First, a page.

How to Understand The Body's Natural Fertility Signs

fertility chart with thermometer

Your body is an amazing machine. It knows how to operate on its own and take care of itself, heal itself, and more. If you're hoping to conceive, your body can tell you if you're ready. True, there is a learning curve, but if you are willing to get to know your body better, and faithfully track your progress and changes, it is possible to find success. If you learn about how your body works, and what it's trying to tell you about your fertility cycle, you'll be able to take some personal control over whether you do or do not get pregnant.

In using natural fertility signs (also called natural family planning and fertility awareness), you are able to track your menstrual cycles. from the information gleaned, you can then plan when to have sexual intercourse or not have sexual intercourse. Some women use natural fertility signs for religious reasons, others because they want a natural form of birth control.

fertility chart showing ovulation

If You're Trying to Get Pregnant

Tracking your fertility means you'll be getting to know your body really, really well. Based on the signs your body gives you if you're trying to get pregnant, it means you'll need to have intercourse on the days when your body signals. Most women are fertile enough to conceive during the five days leading up to ovulation and on the day of ovulation, according to Parenting.

If You're Not Trying to Get Pregnant

Knowing when you're fertile is important when trying to avoid pregnancy if you don't want children. However, if you're not meticulous, natural family planning can lead to a surprise pregnancy. There is a roughly 25 percent margin of error when tracking natural fertility signs, as reported by American Pregnancy.

What to Do

There is more than one way to track your fertility naturally, however, using each of the methods in combination with each other is considered to be the most effective to avoiding pregnancy and when trying to conceive.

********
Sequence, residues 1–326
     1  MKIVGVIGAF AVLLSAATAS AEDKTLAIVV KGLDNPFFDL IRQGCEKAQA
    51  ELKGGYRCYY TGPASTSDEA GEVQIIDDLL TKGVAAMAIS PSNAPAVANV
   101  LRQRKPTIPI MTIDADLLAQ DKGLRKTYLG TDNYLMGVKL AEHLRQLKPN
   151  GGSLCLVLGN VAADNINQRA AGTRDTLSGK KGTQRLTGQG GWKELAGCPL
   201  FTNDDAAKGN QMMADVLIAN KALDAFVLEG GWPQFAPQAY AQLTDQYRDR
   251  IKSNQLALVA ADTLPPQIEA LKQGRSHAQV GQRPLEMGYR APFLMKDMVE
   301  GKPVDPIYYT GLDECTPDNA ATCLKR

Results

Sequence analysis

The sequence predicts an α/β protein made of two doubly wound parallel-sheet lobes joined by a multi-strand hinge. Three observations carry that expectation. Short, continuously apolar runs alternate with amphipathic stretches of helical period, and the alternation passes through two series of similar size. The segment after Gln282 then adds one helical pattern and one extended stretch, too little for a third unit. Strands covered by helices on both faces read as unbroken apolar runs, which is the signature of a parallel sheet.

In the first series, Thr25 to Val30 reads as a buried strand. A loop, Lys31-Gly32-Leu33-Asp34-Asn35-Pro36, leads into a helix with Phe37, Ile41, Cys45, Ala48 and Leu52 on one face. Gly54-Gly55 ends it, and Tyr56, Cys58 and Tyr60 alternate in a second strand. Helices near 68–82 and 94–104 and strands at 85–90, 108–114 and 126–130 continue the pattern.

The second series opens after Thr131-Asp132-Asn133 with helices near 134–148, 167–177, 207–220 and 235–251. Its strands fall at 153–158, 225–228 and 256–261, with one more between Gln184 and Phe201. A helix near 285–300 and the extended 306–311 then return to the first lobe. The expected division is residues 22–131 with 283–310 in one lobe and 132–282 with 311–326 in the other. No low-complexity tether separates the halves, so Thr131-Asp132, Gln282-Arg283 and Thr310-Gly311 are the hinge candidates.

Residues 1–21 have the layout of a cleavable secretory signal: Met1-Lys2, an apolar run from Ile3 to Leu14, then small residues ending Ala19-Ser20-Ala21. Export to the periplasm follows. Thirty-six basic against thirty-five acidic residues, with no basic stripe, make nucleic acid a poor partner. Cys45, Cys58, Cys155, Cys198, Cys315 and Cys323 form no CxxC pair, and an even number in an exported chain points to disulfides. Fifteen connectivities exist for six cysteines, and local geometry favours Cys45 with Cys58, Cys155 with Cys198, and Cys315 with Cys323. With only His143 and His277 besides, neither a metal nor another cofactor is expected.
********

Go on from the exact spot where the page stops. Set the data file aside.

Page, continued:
calendar with thermometer

  • Checking cervical mucus: Many women squirm at the idea of checking their cervical mucus (known as the Billings method), but it's your body, and this is what it does. If you want to track naturally, you'll need to get used to the idea. Think of it in terms of getting to know how your body works. You'll be checking for the texture, the amount, and the look of your cervical mucus. Make sure to keep a chart or calendar of what you experienced, and when. This can tell you when you're ovulating.

  • Basal body temperature: Your basal body temperature is the lowest temperature your body has each day. During your menstrual cycle, your basal body temperature will lower a few days before you ovulate and then go back up after ovulation. Track your basal body temperature for a few months by checking right when you wake up, to help determine when you may be ovulating.

  • Using a calendar: If your menstrual cycle is regular, you can track your cycle using a calendar. Remember, for a normal cycle, you'll be fertile enough to get pregnant five days leading up to ovulation and the day of ovulation. The downside is that most women's cycles aren't perfectly regular, and ovulation can be hard to detect using this method by itself.

  • Monitoring hormones: There are some products on the market that will help you track your ovulation and will tell you when you're most fertile. You will need to take a urine test with the kit to check the level of luteinizing hormone in your urine. Based on the reading, you'll know if you're fertile on certain days or not.

Combined with these methods, you should always learn to be aware of how your body is feeling. Breast tenderness, pain in your abdomen, and even mood swings may all be signs that you're ovulating too.